With a big focus on domestic violence awareness, The Nepean Domestic Violence Network is running a campaign throughout May and the coming months, titled Behind Closed Doors.
Beginning in Domestic and Family Violence Prevention Month, The Nepean Domestic Violence Network is using this campaign as a starting point towards putting a stop to domestic violence altogether.
The network is made up of representatives from several domestic violence organisations who meet on a monthly basis to try and fight against the social issue by creating awareness and taking action.
“We aim to raise awareness and educate people in the broader Nepean area around the issue,” Community Outreach Worker for West Connect and member of the Nepean Domestic Violence Network, Sheryl Hardy said.
“We hope this campaign can encourage local businesses and services to get behind stopping domestic violence by participating.”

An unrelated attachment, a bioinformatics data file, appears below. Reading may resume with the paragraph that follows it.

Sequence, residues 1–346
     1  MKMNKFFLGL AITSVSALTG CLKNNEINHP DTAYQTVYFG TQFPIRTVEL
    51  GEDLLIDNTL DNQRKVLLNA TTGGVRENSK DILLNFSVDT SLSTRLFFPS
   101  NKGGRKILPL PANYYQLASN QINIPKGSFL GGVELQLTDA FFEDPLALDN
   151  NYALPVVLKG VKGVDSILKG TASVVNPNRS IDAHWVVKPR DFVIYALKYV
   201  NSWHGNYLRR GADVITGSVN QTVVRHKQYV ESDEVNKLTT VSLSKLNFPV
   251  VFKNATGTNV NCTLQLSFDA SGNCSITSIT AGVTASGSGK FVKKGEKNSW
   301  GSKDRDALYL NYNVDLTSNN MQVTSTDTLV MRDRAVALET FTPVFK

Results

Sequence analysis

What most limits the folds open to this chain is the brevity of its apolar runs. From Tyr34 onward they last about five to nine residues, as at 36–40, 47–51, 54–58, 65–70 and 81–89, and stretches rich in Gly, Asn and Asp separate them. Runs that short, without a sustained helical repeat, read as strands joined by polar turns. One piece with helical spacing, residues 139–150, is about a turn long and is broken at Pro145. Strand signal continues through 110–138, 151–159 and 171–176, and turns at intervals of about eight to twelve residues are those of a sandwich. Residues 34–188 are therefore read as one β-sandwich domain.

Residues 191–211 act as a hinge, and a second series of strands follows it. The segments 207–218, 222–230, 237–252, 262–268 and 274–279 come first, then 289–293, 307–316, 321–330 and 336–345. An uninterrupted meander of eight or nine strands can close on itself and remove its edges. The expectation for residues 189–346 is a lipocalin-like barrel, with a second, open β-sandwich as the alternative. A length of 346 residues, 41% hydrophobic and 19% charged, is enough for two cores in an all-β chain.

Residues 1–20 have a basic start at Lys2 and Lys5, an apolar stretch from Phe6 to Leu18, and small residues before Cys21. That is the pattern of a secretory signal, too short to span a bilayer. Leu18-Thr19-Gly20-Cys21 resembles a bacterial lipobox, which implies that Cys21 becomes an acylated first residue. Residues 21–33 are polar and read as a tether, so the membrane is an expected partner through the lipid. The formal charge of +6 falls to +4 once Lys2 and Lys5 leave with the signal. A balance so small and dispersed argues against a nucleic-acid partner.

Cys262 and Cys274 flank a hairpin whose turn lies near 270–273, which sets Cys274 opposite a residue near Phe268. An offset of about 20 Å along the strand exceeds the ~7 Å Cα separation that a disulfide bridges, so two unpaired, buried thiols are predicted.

The campaign includes posters, coasters and bookmarks, all in different languages, asking people questions as to what they believe domestic violence is.
Beginning with ‘Does your partner…’ a series of nine questions follow, including if they’re called names or ugly, if their partner cuts them off from family and friends and if their partner gets jealous too easily.
“We have tried to use questions that will help people understand what domestic violence is and identify what it can look like in real life,” Ms Hardy said.
“I as well as the network understand how big of an undertaking it is to commit to stopping domestic violence and helping people who are in that situation but we are all just so passionate about it and I really want to be able to raise the awareness, which is the first step towards achieving our goal.”
Many of the local organisations deal directly with people who are suffering from domestic violence or who have been involved in it.
So far in 2015, over 30 women have been killed in Australia due to domestic violence, with nearly 90 women killed last year, according to the ABC.
“It’s heartbreaking to know these statistics,” Ms Hardy said.
“It’s also been the cause of a significant number of domestic violence services closing up over the past year.”
If you believe you need help you can call the police on 000 or the Domestic Violence Helpline on 1800 656 463.
You can also visit www.dvhelppenrithregion.nsw.gov.au.
– Jade Aliprandi